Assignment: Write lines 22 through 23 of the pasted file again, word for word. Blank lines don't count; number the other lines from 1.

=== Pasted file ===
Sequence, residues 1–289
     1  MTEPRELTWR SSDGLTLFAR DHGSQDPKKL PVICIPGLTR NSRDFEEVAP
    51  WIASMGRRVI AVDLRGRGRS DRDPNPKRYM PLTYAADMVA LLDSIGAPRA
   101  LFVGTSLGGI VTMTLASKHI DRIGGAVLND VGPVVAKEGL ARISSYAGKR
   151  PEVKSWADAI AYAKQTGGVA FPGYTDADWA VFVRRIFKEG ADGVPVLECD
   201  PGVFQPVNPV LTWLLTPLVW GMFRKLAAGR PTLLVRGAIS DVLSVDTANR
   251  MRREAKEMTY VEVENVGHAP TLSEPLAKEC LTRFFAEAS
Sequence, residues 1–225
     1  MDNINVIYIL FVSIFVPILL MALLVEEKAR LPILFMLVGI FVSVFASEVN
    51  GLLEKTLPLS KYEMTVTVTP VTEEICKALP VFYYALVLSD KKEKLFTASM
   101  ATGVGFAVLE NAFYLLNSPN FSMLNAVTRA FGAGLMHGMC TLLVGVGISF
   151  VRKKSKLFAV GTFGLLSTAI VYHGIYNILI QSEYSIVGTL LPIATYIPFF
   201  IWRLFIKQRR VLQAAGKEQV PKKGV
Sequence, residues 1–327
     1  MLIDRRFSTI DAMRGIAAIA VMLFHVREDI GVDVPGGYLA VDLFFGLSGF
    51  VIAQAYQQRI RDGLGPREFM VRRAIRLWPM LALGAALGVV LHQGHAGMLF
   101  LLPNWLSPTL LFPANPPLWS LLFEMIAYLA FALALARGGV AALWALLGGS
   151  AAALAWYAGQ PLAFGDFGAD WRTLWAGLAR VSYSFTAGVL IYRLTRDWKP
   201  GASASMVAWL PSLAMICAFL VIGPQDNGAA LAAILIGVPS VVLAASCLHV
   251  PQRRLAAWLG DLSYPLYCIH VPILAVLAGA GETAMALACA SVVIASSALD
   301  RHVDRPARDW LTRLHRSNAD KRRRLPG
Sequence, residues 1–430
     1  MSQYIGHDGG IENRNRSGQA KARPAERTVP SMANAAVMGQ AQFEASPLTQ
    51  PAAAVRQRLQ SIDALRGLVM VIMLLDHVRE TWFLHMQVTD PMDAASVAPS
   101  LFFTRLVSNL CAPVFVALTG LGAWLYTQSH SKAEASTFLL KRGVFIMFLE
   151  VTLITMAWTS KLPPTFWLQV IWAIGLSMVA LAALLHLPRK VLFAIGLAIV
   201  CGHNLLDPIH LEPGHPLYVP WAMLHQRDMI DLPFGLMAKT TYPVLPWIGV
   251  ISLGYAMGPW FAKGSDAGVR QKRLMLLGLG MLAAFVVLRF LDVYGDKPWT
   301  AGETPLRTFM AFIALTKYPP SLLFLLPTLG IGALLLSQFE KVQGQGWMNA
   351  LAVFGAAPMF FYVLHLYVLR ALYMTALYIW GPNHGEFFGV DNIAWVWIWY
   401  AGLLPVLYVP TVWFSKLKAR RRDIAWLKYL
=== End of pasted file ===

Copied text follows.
Sequence, residues 1–430
     1  MSQYIGHDGG IENRNRSGQA KARPAERTVP SMANAAVMGQ AQFEASPLTQ